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To democracy, we must add discipline

Monday December 16 2013

Bitange Ndemo

Bitange Ndemo 

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I have taught myself to be very patient but I see no reciprocity in our people.

I firmed up this thinking after it took me three hours to drive a three-kilometre distance between Karen Shopping Centre and Junction Mall by Dagoretti Corner on Saturday evening.

If we had all behaved, it should have taken motorists less than 30 minutes to cover the distance.

Motorbikes rode on the right side of the drivers, while others rode on the wrong side of the road. Push-carts crisscrossed the road as though they had priority.

Some drivers were in such a hurry that they created a parallel lane on the left side of the more patient ones. As though they owned the road, they created their own rules, flashing their headlights onto oncoming vehicles.

We all sat in our vehicles pensively and in consternation, as we watched these many Kenyans who lacked a sense of responsibility and decorum.


What irked me most is the fact that there was no remorse of having done any wrong. When they wanted to rejoin the correct lane, they directed their finger there, and as you broke to allow them back, in they were never grateful.

God knows how we have lived with these Neanderthals for so long.

James Gichuru Road was clogged with nothing moving.

I decided to drive down Ngong Road, and right by the former Kenya Science Teachers College, now a University of Nairobi campus, I ran into a rowdy mob of youths flagging me down. They were too many to take any risk to stop.

Instinct told me to drive on fast. I was not lucky; the youths were armed with huge stones. A barrage of rocks landed on my vehicle. They completely shattered the right side of my car. By sheer luck, I and my wife escaped unhurt.

We drove on more shattered glass. Evidently I was not alone on this ordeal. Other vehicles before mine had endured the same.

This was random violence by the youths. It could have been their parent or relative they were stoning. They were irresponsible and seemed not accountable to anybody.

Further ahead by Impala Club, we were once more stuck as panic motorists tried to figure out their safety. In the melee of frustrated motorists, we dialled 112 and within some 20 minutes, armed policemen arrived.

Without windows to my car, I greet a couple driving on the opposite side and ask what is happening down the road. “Just grid-lock”, the man told me. He then goes on to ask me “What happened to your car?” “Youths up the road throwing stones”, I responded. My wife turns to me and asks, “How does one govern people who do not respect the rule of law?”

“This is precisely the argument we just had at the Hemingways Hotel in Karen a few hours ago”, I responded. In this social gathering, some prominent lawyers, CEOs and some African Diplomats differed on the future leadership of Africa.

Whilst some felt that Africa needed benevolent dictators, others thought that giving democracy a chance would in the long run yield better outcomes for Africa.

Further, even if we chose benevolence, there is no known methodology of consistently getting such dictators.

Indeed, much of Asia would not be where it is at the moment without benevolent dictatorships. It was argued that whereas Singapore, Malaysia, Korea, and yes, China succeeded with benevolent dictators, Africa mostly got non-benevolent dictators in Uganda, Central Republic of Africa, Somalia and many more countries.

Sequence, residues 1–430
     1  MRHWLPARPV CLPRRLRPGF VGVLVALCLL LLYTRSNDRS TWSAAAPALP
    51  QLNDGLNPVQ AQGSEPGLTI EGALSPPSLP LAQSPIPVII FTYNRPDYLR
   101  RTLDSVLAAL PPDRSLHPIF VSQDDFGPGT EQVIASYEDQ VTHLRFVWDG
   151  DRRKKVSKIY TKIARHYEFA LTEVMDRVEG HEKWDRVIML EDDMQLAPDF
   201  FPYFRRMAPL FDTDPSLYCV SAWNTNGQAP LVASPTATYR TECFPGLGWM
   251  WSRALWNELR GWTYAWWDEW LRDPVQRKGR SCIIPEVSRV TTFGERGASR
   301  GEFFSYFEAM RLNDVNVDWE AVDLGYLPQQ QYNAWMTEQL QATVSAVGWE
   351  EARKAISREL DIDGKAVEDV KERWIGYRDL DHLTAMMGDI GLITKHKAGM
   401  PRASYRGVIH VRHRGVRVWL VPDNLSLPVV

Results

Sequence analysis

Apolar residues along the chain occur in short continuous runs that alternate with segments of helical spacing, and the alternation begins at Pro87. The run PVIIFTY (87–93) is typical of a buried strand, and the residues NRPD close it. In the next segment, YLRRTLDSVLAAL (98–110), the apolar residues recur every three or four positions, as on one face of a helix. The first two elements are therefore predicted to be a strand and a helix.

It would be too risky to attempt that route once more.

Most of the discussants were complimentary of the Rwandan model and questioned if the cut-and-paste model of western democracy really works.

Someone argued that there was no point of complaining about leadership in any “democratic” African state when the needs of the electorate are nothing but physiological (food, shelter and clothing).

It is absurd to think that we can elect any leader based on issues when our thinking is vertical starting from the family, clan, tribe and country in that order. The problem is even compounded when the educated advisors work on the basis of their selfish ends.

An example was given of former Nigerian President, the late Murtala Mohamed. When he made the citizen’s interests as a priority, he was assassinated for not taking care of the interests of those close to him.

What the discussants did not address while I was there is the fact that a majority of the countries that have successfully inculcated discipline among their people have instituted military service for most of the youth.

Singapore and Korea have a one year compulsory military service after high school.

In many western countries, majority of the youth go through disciplined services before embarking on their careers.

Some few years ago, Kenya introduced the National Youth Service that saw many high school graduates go through a disciplined programme. We may not have conducted some impact analysis on the programme, but studies from other countries show that you grow people who respect the rule of law through such discipline.

Irresponsible behaviour is costly and would certainly crop into the future lives of these youths. It may not be surprising to see people wanting to take up jobs in which they would never take any responsibility for their actions.

There must be a sense of responsibility in all of actions we take. Someone must be called to account for decisions that impact on our lives.

Dealing with irresponsibility requires tolerance, serenity and awareness of the person's general manners.

An irresponsible person is basically an ignorant person. We must fight ignorance with the same robustness we had when we fought colonialism in Africa.

My car windows were shattered but my heart was not. I am full of hope that one day the people of Africa, and especially the youth, will see sense in being responsible citizens.